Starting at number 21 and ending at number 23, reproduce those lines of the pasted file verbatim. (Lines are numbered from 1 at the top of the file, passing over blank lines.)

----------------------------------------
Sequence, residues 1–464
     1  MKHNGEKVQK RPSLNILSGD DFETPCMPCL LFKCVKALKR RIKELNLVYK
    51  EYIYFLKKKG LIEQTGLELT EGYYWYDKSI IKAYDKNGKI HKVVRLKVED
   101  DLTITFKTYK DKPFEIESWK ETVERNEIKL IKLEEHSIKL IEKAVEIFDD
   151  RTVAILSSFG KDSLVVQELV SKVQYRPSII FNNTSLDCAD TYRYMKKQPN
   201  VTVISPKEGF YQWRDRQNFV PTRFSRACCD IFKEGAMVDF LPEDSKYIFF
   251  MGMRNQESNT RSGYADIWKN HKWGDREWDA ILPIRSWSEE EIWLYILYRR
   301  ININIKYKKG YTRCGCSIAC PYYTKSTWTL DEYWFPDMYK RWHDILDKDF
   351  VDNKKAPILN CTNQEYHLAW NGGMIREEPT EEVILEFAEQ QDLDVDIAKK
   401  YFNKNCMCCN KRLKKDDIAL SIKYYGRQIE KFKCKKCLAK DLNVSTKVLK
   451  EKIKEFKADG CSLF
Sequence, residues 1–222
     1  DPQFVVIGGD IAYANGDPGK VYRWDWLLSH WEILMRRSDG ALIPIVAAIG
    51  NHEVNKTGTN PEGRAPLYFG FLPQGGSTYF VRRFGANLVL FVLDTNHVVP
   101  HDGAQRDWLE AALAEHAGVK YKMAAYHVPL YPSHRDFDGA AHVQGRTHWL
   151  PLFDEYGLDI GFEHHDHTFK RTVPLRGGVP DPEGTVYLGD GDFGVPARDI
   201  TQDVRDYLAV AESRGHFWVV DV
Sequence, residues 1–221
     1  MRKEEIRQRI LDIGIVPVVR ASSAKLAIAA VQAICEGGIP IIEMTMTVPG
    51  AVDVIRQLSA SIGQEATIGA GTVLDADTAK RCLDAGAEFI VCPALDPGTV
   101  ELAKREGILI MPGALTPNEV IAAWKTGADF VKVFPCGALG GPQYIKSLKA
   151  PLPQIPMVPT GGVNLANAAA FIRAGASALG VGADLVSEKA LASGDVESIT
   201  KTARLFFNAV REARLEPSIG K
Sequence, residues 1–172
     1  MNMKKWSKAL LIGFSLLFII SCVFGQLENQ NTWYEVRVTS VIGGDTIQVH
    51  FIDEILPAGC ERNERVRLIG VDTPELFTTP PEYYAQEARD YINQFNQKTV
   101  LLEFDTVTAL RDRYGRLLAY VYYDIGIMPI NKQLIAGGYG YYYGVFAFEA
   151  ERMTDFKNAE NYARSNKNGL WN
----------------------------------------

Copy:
   101  ELAKREGILI MPGALTPNEV IAAWKTGADF VKVFPCGALG GPQYIKSLKA
   151  PLPQIPMVPT GGVNLANAAA FIRAGASALG VGADLVSEKA LASGDVESIT
   201  KTARLFFNAV REARLEPSIG K